August 2009
Volume 9, Issue 8
Free
Vision Sciences Society Annual Meeting Abstract  |   August 2009
Invariance to mirror image reversals in the Lateral Occipital Complex (LOC) and Parahippocampal Place Area (PPA)
Author Affiliations
  • Jonas Kubilius
    McGovern Institute for Brain Research, MIT
  • Daniel D. Dilks
    McGovern Institute for Brain Research, MIT
  • Elizabeth S. Spelke
    Department of Psychology, Harvard University
  • Nancy Kanwisher
    McGovern Institute for Brain Research, MIT
Journal of Vision August 2009, Vol.9, 968. doi:10.1167/9.8.968
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      Jonas Kubilius, Daniel D. Dilks, Elizabeth S. Spelke, Nancy Kanwisher; Invariance to mirror image reversals in the Lateral Occipital Complex (LOC) and Parahippocampal Place Area (PPA). Journal of Vision 2009;9(8):968. doi: 10.1167/9.8.968.

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      © ARVO (1962-2015); The Authors (2016-present)

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Abstract

Electrophysiological and behavioral studies in many species (e.g., octopus, pigeon, monkey, and human) have demonstrated mirror-image confusion for objects, perhaps because left/right information is rarely important in object recognition (e.g., a cup is the same cup when seen in left or right profile). However, unlike object recognition, scene recognition and navigation crucially require left/right information; the identity and navigability of a scene are completely different when it is mirror reversed. Thus, we predicted that object representations in object-selective cortex would be invariant to left/right reversals, but scene representations in the scene-selective cortex would not be. To test for such left/right information encoding, we ran an event-related fMRI adaptation experiment. In each trial, we successively presented images of either two objects or two scenes; each pair of images was: 1) the same image (presented twice); 2) two completely different images; or 3) a scene or an object, followed by the mirror-reversed version of the same stimulus. Consistent with our prediction, preliminary results showed partial invariance to the mirror reversals in the object-selective lateral occipital cortex (LOC), to a greater extent in its anterior subregion (posterior fusiform gyrus, pFs) than its posterior subregion (LO). However, contrary to our prediction, we also found invariance to left/right orientation for scenes in the parahippocampal place area (PPA). These findings pose a challenge to hypotheses of the PPA's role in scene recognition, navigation, and reorientation.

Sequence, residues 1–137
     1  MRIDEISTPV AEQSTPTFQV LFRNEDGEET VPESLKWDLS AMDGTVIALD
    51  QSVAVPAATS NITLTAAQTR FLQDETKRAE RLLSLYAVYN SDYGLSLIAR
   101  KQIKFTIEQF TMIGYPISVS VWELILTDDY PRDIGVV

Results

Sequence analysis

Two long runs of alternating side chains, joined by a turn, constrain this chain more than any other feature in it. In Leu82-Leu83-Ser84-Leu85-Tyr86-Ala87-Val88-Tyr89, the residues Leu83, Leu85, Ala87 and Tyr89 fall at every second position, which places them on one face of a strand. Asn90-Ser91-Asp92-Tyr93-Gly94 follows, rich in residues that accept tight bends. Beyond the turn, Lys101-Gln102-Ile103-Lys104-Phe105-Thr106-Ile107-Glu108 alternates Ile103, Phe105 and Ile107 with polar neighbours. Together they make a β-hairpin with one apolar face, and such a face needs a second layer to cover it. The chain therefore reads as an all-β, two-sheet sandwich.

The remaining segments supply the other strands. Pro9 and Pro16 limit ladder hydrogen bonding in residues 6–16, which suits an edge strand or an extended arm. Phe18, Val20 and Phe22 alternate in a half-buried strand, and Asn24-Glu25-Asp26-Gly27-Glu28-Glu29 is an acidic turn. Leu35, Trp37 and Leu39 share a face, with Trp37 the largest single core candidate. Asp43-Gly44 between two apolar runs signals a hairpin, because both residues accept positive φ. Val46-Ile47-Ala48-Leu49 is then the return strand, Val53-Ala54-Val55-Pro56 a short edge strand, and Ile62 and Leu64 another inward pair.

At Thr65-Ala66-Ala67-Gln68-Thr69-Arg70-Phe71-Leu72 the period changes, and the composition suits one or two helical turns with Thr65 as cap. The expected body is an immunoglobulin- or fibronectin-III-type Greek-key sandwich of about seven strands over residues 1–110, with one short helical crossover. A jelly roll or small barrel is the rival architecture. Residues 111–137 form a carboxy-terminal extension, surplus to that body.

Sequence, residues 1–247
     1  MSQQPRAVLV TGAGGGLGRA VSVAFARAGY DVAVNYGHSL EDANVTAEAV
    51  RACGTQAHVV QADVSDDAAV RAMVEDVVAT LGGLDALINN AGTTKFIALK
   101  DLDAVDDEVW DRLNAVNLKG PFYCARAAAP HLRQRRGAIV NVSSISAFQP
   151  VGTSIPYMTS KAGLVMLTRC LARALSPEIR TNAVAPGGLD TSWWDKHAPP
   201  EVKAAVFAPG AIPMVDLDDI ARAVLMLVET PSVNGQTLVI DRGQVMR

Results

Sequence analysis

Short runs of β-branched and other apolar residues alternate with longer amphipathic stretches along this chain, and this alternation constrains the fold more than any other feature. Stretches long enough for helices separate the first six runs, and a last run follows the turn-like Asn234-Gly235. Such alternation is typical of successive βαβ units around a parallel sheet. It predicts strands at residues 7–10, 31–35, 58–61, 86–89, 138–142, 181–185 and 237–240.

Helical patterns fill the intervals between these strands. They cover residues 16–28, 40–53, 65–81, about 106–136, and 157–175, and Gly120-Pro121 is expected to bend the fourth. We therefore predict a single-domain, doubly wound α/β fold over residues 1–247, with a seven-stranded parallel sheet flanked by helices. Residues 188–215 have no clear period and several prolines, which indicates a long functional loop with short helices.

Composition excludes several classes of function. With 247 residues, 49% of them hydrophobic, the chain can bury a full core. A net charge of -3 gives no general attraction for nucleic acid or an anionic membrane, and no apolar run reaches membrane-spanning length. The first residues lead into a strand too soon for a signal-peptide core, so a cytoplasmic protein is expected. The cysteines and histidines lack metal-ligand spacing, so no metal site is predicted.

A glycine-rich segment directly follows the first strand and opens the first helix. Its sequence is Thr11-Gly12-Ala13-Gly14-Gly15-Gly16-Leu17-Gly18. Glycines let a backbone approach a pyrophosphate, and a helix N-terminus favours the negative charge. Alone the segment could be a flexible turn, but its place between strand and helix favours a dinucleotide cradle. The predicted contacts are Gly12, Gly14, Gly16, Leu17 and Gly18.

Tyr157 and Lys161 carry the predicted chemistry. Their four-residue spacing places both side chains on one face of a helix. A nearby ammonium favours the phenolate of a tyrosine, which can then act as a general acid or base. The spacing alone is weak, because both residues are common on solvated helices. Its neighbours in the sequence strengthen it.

Kubilius, J. Dilks, D. D. Spelke, E. S. Kanwisher, N. (2009). Invariance to mirror image reversals in the Lateral Occipital Complex (LOC) and Parahippocampal Place Area (PPA) [Abstract]. Journal of Vision, 9(8):968, 968a, http://journalofvision.org/9/8/968/, doi:10.1167/9.8.968. [CrossRef]
Footnotes
 Supported in part by: NIH grants 13455 (NK), and a Kirschstein-NRSA EY017507 (DDD).
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